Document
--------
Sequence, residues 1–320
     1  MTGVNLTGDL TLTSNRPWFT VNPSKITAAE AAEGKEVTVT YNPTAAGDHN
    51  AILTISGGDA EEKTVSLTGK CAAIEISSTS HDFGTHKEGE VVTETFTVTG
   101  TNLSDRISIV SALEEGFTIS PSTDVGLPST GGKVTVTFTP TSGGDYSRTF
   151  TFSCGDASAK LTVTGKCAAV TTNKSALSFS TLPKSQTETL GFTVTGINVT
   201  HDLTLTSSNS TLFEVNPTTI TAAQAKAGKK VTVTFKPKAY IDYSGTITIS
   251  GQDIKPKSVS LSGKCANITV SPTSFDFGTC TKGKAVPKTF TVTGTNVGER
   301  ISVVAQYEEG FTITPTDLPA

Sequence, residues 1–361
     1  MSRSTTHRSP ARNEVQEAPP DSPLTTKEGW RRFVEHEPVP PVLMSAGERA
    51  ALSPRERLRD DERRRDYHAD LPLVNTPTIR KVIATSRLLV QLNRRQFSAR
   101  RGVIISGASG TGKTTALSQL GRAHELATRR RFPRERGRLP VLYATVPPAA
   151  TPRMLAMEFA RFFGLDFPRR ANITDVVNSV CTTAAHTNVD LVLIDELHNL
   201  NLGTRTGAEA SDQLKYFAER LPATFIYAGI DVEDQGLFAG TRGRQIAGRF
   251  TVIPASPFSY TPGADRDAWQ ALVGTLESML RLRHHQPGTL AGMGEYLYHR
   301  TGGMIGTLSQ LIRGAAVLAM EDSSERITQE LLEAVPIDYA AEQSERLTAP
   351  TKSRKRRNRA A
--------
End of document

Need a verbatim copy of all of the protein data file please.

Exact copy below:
Sequence, residues 1–320
     1  MTGVNLTGDL TLTSNRPWFT VNPSKITAAE AAEGKEVTVT YNPTAAGDHN
    51  AILTISGGDA EEKTVSLTGK CAAIEISSTS HDFGTHKEGE VVTETFTVTG
   101  TNLSDRISIV SALEEGFTIS PSTDVGLPST GGKVTVTFTP TSGGDYSRTF
   151  TFSCGDASAK LTVTGKCAAV TTNKSALSFS TLPKSQTETL GFTVTGINVT
   201  HDLTLTSSNS TLFEVNPTTI TAAQAKAGKK VTVTFKPKAY IDYSGTITIS
   251  GQDIKPKSVS LSGKCANITV SPTSFDFGTC TKGKAVPKTF TVTGTNVGER
   301  ISVVAQYEEG FTITPTDLPA

Sequence, residues 1–361
     1  MSRSTTHRSP ARNEVQEAPP DSPLTTKEGW RRFVEHEPVP PVLMSAGERA
    51  ALSPRERLRD DERRRDYHAD LPLVNTPTIR KVIATSRLLV QLNRRQFSAR
   101  RGVIISGASG TGKTTALSQL GRAHELATRR RFPRERGRLP VLYATVPPAA
   151  TPRMLAMEFA RFFGLDFPRR ANITDVVNSV CTTAAHTNVD LVLIDELHNL
   201  NLGTRTGAEA SDQLKYFAER LPATFIYAGI DVEDQGLFAG TRGRQIAGRF
   251  TVIPASPFSY TPGADRDAWQ ALVGTLESML RLRHHQPGTL AGMGEYLYHR
   301  TGGMIGTLSQ LIRGAAVLAM EDSSERITQE LLEAVPIDYA AEQSERLTAP
   351  TKSRKRRNRA A